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Monday, 16 June 2008
Page: 4893


Ms CAMPBELL (6:39 PM) —I rise today to speak in support of the Rudd government’s Dental Benefits Bill 2008. I do so because I am all too aware of the legacy left us by the previous government when it comes to dental health and wellbeing. Across Northern Tasmania there are people, young and old, who have languished on waiting lists for far too long. Under this government’s $780 million plan, teenagers will receive preventive dental checks in order to ease the pressure on waiting lists. This is about prevention, something which the previous government appears simply not to have understood. It was all too prepared, it would seem, to sit back, wait for problems to emerge and then do absolutely nothing about them.

I am pleased and proud to be able to say to the people of Bass and to communities across Northern Tasmania that this government is different. One of the first acts of the Howard government was to scrap the Commonwealth Dental Health Program, essentially doing away with $100 million a year for the public dental system. This was an absolute disgrace. Is it any wonder, then, that we are now faced with waiting lists groaning under the pressure? All too late, the Liberals introduced a dental scheme, but so complex was its referral process that barely anyone could actually access it. In my home state only eight people up to the age of 24 actually received these services over the course of four years. That is an average of two per year. Tooth decay is our country’s most prevalent health problem and it is incumbent upon the government of the day to act, not only to treat the problem but to arrest its rise. By targeting teenagers across Bass, across Tasmania and throughout the country, the Rudd government is acting to secure the dental health of future generations. Can I add, too, that the Tasmanian government is acting to address dental waiting lists.

An ageing workforce and a growing national shortage of dentists mean that governments, both state and federal, have to be innovative in how they implement dental health strategies. In Tasmania, a workforce re-entry program exists to assist those returning to dental therapy after more than five years absence, and consideration of options for undergraduate training for both Bachelor of Dental Surgery and Bachelor of Oral Health. No-one on this side of the House is suggesting for a second that any of the steps we are taking can fix all the issues surrounding dental health immediately. But we are acting. The Commonwealth Dental Health Program will fund up to a million dental consultations and treatments. From the beginning of next month, the government will provide $290 million over three years to bring much-needed relief to the 650,000 people on dental waiting lists across the country. Negotiations with the states and territories will ensure that needy patients with chronic care needs will receive treatment.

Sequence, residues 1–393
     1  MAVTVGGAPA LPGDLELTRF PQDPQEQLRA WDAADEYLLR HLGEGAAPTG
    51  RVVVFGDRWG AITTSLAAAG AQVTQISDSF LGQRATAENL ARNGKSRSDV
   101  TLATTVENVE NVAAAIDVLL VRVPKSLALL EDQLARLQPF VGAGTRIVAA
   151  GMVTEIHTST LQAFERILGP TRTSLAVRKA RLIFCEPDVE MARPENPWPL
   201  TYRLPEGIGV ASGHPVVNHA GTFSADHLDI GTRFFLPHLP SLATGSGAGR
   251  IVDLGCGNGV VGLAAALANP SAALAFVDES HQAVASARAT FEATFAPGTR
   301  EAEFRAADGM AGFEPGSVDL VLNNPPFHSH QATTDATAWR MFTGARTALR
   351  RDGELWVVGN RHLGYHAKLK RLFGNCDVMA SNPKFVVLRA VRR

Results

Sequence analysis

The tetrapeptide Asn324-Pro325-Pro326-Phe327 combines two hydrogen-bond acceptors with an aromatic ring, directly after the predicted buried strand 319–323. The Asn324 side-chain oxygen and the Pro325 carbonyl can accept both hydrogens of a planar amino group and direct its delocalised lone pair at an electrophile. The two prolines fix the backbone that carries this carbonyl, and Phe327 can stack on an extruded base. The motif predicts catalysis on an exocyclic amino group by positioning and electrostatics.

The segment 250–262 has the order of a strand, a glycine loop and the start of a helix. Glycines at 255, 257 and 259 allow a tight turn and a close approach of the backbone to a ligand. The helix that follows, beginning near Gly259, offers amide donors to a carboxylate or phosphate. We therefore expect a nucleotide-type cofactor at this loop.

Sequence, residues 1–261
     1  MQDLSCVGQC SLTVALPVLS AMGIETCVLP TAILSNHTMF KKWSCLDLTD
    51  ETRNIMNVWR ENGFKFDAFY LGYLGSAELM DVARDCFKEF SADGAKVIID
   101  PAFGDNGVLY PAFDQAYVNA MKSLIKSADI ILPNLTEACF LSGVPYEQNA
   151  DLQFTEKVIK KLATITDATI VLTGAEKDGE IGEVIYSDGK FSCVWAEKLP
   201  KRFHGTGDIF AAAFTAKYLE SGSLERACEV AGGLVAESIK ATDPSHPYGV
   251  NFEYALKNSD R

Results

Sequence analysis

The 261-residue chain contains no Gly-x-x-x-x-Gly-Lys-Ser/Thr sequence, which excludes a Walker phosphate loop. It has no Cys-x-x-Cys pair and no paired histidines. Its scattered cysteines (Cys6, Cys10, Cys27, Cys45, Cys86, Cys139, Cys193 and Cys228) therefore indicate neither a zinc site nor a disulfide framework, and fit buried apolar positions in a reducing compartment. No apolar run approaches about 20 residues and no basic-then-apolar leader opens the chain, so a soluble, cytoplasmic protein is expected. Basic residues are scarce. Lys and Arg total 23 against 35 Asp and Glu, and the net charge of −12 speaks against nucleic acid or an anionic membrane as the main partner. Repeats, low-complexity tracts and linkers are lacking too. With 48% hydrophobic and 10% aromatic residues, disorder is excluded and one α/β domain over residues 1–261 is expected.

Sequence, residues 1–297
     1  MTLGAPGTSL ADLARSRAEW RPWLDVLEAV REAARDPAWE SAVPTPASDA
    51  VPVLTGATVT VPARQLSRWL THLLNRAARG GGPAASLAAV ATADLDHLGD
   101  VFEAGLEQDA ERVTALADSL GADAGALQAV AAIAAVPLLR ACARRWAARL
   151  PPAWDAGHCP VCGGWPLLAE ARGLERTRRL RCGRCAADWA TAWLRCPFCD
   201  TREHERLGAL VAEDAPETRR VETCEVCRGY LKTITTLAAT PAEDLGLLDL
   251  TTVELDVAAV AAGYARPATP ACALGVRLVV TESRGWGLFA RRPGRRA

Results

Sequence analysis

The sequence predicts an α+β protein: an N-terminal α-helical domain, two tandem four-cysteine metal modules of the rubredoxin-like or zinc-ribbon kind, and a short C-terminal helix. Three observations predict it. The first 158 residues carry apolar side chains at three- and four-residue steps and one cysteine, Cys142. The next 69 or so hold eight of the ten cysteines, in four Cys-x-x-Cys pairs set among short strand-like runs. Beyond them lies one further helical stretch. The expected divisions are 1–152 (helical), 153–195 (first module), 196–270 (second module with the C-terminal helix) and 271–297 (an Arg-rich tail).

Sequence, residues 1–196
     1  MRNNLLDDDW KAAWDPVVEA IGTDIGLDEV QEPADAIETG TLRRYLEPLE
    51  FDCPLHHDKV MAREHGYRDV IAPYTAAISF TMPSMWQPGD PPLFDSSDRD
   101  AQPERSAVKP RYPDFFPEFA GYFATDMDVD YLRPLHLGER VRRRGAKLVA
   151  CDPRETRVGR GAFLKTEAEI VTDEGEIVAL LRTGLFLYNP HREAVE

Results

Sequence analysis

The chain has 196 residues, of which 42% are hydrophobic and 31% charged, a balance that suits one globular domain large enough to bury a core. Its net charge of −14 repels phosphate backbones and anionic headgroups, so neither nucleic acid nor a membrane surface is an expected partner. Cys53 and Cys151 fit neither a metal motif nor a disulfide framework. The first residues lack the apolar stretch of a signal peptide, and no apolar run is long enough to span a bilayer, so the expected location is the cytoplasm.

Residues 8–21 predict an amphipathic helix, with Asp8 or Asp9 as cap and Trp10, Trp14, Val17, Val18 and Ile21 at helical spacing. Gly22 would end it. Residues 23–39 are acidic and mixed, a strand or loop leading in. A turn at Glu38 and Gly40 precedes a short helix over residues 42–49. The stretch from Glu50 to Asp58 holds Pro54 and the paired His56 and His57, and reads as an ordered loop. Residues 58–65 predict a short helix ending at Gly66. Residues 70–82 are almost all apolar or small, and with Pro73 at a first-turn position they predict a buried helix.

This bill is about delivering on our election commitments. It is about saying to the people of Northern Tasmania, ‘Here is a plan, and here we are actually acting on it.’ Prevention, as the adage goes, is better than cure, and that is something to which this government subscribes. People across Bass are entitled to know that if they need dental treatment urgently they will get it. Teenagers in Northern Tasmania are entitled to know that the resources and commitment are there to help keep them off dental waiting lists into the future. That is why I am very pleased that the Rudd government is committed to the Medicare Teen Dental Plan. The government will provide up to $490.7 million over five years for the new Medicare Teen Dental Plan. This program will provide up to $150 per teenager towards an annual preventive check for teenagers aged 12 to 17 in families receiving family tax benefit part A or teenagers receiving youth allowance or Abstudy. Around 1.1 million teenagers will be eligible for dental services under the Medicare Teen Dental Plan.

Much has been said about ending the blame game between the states and territories and the Commonwealth government. This is more than simply speaking about it. This bill will see funds committed and action taken to treat a problem which was allowed to develop and compound during the bleak Howard years. The hard decisions have been made to address ineffective programs and replace them with accountable and transparent funding across the board.

On a personal level—and I have said this to the House many times now—it gives me enormous satisfaction to know that the promises I made on behalf of the Rudd government during the election campaign are promises which have been met. Whilst campaigning the length and breadth of my electorate of Bass I met teenagers, parents and the elderly, many of whom had horror stories to tell about the neglect they, and their teeth—or, in some cases, their dentures—had suffered under the previous government. I do not think that as a government we would be doing our job if we were not acting to address what is a very real crisis. I also do not think it unreasonable that when people across Northern Tasmania need access to dental care that care is there. It gives me great satisfaction to add my voice in support of this bill. It heralds a new era in dental care. I commend the bill to the House.